Can your church handle hiring next gen

In my post yesterday I picked apart a youth pastor job opening  and referenced Millennials (20-30’s) and why this ad would not inspire them to apply. Here is a short blurb from the article.

Gutfreund says that Intelligence Group studies of millennials have found that:

·64% of them say it’s a priority for them to make the world a better place.

72% would like to be their own boss. But if they do have to work for a boss, 79% of them would want that boss to serve more as a coach or mentor.

88% prefer a collaborative work-culture rather than a competitive one.

74% want flexible work schedules.

·And 88% want “work-life integration,” which isn’t the same as work-life balance, since work and life now blend together inextricably.

Millennials are, in essence, “venture consumers,” Gutfreund says. They’re not looking to fill a slot in a faceless company, any more than a good venture capitalist is looking to toss money at a faceless startup. They’re looking strategically at opportunities to invest in a place where they can make a difference, preferably a place that itself makes a difference.

So, Pastor’s how will your church’s work style and  youth pastor ads adapt to this knew workforce or, will your church put it’s head in the ground and do nothing?   Since, Millennials are not good conformers, how will you create an environment where these young, hungry, world changers will thrive and make an impact for the gospel.

Here are a few questions and statements you can think through if you want to change the process and ultimately change the product.

·64% of them say it’s a priority for them to make the world a better place.

Does your church do community service projects? Emphasize it!

Is your vision big enough to attract someone who wants to make the world a better place?

Will you equip these young adults to make the world a better place? How?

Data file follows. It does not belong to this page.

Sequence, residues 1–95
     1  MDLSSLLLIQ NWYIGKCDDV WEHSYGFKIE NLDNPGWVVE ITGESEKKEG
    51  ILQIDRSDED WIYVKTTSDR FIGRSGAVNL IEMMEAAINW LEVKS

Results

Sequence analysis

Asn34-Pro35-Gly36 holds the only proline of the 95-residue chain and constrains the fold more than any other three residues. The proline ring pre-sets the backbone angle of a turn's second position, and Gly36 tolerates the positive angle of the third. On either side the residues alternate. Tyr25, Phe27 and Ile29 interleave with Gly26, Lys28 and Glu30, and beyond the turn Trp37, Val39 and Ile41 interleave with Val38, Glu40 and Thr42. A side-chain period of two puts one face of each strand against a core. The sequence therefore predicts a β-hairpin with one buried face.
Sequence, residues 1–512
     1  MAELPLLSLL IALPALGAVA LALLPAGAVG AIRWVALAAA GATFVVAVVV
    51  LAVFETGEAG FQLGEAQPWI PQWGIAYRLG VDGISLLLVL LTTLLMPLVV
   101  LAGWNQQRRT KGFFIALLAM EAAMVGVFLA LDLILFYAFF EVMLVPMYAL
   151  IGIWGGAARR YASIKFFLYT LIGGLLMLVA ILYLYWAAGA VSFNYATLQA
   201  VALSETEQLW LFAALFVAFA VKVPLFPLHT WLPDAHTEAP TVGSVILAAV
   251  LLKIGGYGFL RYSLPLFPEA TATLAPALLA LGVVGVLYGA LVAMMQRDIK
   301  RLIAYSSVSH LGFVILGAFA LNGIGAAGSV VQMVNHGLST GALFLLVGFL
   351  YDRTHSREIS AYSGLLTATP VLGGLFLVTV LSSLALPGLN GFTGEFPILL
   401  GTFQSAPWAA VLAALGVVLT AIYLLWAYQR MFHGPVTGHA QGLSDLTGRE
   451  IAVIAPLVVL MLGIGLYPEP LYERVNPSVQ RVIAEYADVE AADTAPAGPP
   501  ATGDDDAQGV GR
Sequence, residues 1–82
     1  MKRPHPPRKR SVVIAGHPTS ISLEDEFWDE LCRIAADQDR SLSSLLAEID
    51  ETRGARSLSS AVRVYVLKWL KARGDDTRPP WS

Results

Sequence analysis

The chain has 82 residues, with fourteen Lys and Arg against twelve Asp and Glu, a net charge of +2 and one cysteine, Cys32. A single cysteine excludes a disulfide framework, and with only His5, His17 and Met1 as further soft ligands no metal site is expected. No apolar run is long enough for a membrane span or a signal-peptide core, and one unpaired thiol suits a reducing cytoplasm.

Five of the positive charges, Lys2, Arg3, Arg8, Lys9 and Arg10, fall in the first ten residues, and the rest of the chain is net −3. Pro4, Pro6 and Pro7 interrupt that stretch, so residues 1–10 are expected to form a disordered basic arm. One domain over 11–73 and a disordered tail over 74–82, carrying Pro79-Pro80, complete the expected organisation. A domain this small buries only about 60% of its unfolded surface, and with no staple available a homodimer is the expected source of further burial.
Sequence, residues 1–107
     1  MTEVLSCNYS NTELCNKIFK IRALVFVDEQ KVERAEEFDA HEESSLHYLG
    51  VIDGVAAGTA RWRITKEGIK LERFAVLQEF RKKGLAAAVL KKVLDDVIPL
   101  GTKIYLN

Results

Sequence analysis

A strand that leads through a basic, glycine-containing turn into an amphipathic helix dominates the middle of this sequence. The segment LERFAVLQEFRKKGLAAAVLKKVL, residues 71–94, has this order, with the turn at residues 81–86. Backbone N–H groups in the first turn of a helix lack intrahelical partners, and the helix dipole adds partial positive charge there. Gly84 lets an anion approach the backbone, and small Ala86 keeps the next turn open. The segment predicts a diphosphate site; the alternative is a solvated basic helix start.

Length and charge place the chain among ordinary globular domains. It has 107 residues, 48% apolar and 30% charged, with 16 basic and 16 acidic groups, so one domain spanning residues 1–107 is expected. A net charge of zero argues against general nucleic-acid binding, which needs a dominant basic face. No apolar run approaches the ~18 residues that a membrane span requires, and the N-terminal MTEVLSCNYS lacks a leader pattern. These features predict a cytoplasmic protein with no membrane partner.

How much freedom (important word to Millennials) will you give these potential employees to live out their dreams to make the world a better place?

72% would like to be their own boss. But if they do have to work for a boss, 79% of them would want that boss to serve more as a coach or mentor.

If you have a top down approach to staff you may want to change that.

What is your strategy for helping your staff get better?

How hands on (not micro-manging) are you with staff in solving problems?

Is your church prepared to create an inter-dependence that will let these kind of independent souls of shine?

88% prefer a collaborative work-culture rather than a competitive one.

This is a pet peeve of mine. I don’t expect Pastors to solve my problems with other ministries but conflict is a friction that slows the ministry down.

How competitive are the ministries in your church?

How are you helping all the ministries in your church get along or, better still, work together to accomplish big goals.

How do you reward people or teams for working together?

74% want flexible work schedules.

I am blessed to work in a church where my schedule is flexible. I am essentially my own boss but I don’t take that for granted.

If you’re requiring  people come to the office to work, why?

What has to be done at the church and what can be done anywhere?

What does time off look like?

How can you make your staff’s schedule more flexible?

How can you make your schedule more flexible?

·And 88% want “work-life integration,” which isn’t the same as work-life balance, since work and life now blend together inextricably.

If you hire a millennial, they want to work if the work is important. Boring work for anyone is a buzzkill but especially to this generation. They want to make a difference, so let them, at a pace that’s challenging but not overwhelming.

How can you create a schedule that allows these young go-getters to work and play at the same time?

The Christian life, like all other lives, has it’s ups and downs. How can you help disciple these “kids” to enjoy their work and their faith?

That’s are my two cents and I wish that some of the churches I’ve worked for would have  accepted it from me. It would have made my work/life experience that much better.

I have three kids who are millennials and I hope their bosses or supervisors will see their unique personalities as assets and not threats to their businesses or organizations. If you want to hire a millennial, stop trying to make them more like you and let them lead a little, play a little, work a little, and love a lot. It will change the way your church works, plays, and it’s perception in the community.

Check out this article for more advice on:

How to Effectively Recruit and Retain Millennials: Advice from General Assembly

Your Turn

Have you hired a millenial? What challenges has that presented? What blessing have you received?

What changes did you make, if any, to reach/hire a millenial?

If you’re a millenial who works in a church, what do you wish your bosses would get about you?

 

 

 

 

 

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